The Supreme Court of Newfoundland and Labrador has denied Nunatu-Kavut’s application for an injunction against environmental hearings on the Muskrat Falls hydroelectric development.
According to court documents, NunatuKavut — formerly known as the Labrador Metis Nation — filed the injunction because it believed the federal and provincial governments “breached their duty to consult with NunatuKavut” and asked the court to force the province to negotiate an impact benefits agreement with it, as the province did with the Labrador Innu.
Land claim not yet recognized by province or Ottawa
NunatuKavut wanted environmental assessment panel hearings — currently underway — stopped until the other matters were dealt with.
But neither the province nor Ottawa have recognized NunatuKavut’s land claim — at least not yet.
The province has said if Ottawa does recognize a land claim later, it would have to negotiate a benefits agreement.
NunatuKavut president Chris Montague told The Telegram Friday he had high expectations when the case began.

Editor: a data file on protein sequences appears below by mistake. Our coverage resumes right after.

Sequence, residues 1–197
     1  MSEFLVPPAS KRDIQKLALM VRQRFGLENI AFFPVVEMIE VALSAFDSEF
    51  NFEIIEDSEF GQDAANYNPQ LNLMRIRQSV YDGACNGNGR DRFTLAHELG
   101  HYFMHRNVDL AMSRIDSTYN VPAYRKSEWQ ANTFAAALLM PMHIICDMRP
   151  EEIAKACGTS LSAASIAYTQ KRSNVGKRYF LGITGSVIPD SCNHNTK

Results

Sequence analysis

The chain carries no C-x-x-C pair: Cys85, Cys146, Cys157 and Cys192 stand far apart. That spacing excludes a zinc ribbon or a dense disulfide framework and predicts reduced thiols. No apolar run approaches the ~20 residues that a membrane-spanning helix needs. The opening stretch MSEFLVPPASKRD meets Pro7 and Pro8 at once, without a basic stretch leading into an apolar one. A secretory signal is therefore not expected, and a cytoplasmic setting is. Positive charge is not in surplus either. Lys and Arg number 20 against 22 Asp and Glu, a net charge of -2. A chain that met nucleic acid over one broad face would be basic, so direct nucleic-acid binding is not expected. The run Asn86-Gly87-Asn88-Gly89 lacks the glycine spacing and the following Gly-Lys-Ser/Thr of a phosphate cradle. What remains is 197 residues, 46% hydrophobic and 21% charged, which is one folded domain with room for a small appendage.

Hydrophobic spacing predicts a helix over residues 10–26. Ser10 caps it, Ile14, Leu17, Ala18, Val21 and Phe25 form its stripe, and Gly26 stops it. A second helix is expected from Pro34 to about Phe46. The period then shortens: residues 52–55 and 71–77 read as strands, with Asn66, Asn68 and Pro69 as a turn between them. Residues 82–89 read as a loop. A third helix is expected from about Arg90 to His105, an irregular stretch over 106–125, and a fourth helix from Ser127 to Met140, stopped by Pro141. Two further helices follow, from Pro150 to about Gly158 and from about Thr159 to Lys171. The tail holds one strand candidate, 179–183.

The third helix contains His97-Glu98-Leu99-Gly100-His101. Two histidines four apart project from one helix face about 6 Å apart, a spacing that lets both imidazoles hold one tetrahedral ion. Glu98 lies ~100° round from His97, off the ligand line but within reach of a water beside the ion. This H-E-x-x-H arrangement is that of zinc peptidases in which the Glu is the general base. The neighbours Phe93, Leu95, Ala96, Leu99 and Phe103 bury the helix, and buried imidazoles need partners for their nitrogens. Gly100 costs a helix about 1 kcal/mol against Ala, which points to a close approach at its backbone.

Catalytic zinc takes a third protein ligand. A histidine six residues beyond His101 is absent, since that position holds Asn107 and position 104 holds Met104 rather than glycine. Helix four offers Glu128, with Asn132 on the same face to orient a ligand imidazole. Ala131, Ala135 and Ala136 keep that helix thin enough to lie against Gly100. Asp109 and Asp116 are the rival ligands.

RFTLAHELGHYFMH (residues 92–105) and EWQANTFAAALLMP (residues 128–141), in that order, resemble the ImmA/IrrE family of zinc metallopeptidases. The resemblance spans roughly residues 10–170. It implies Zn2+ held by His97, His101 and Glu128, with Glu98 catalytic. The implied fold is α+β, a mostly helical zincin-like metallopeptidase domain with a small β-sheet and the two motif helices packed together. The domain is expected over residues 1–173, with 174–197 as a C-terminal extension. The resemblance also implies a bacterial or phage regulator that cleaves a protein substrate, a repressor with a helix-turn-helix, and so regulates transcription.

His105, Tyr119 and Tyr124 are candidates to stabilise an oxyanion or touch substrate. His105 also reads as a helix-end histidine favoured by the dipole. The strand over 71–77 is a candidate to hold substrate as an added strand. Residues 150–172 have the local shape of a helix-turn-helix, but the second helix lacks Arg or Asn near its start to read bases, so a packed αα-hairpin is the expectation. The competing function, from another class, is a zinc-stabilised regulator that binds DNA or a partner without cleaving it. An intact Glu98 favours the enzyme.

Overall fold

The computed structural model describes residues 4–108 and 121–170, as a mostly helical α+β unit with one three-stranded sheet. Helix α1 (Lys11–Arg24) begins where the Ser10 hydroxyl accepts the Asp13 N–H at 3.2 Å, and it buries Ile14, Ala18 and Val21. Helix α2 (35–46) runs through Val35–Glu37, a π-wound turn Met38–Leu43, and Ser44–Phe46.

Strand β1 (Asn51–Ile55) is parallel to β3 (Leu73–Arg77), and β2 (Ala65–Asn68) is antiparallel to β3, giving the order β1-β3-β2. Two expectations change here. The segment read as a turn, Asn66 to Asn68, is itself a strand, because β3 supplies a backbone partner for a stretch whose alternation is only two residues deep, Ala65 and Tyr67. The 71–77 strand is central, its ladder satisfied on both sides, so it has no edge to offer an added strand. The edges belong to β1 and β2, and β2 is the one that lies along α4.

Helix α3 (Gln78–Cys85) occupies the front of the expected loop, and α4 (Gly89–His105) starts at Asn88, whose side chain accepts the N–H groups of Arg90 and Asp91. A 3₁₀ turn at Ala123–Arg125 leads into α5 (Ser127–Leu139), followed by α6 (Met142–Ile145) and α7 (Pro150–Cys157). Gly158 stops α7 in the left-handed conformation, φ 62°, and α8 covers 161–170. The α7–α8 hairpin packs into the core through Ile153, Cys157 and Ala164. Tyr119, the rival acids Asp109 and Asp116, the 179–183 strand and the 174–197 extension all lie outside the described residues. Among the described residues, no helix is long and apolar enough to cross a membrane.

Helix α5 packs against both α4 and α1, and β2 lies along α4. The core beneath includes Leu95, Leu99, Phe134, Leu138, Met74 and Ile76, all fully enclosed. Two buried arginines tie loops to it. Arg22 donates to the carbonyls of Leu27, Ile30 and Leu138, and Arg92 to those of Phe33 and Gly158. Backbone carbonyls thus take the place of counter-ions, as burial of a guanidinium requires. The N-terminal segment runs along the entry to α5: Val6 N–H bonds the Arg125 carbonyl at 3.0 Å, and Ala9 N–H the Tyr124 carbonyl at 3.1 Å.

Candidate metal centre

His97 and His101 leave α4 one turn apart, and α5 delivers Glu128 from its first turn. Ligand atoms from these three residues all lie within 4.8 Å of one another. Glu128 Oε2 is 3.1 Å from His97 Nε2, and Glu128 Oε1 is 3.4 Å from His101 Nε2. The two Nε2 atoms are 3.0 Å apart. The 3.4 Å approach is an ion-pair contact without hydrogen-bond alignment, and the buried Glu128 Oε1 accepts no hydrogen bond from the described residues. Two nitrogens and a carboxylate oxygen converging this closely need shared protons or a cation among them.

But he said after the case was passed from one judge, to another to a third, his optimism diminished.
“It began to raise eyebrows when they brought in a judge from Grand Bank to actually hear the case,” Montague said.
Justice Garrett Handrigan was the Grand Bank judge who heard each side’s arguments.
Montague went on to say he doesn’t see the denial of the application as being too disappointing.
“It (makes) our path more clear, I guess, in the sense we know what to expect now from the courts and from Nalcor, from this whole process,” he said. “I think it will help us make some very clear decisions.”
Montague said the next step is to meet with his advisers, staff, board and consultants to plot a course forward.
He said it’s possible he may put the issue to a vote of the NunatuKavut membership.
“We have to gauge how the people are feeling about this project and I think the events here will move the people in a more clear direction,” Montague said.
When asked if NunatuKavut would appeal the decision, he said it would be unlikely as the hearings are ongoing and would likely be over by the time the case went back to court.
“But then again, that’s a decision that has to be made because there’s so many flaws in this judgement,” said Montague.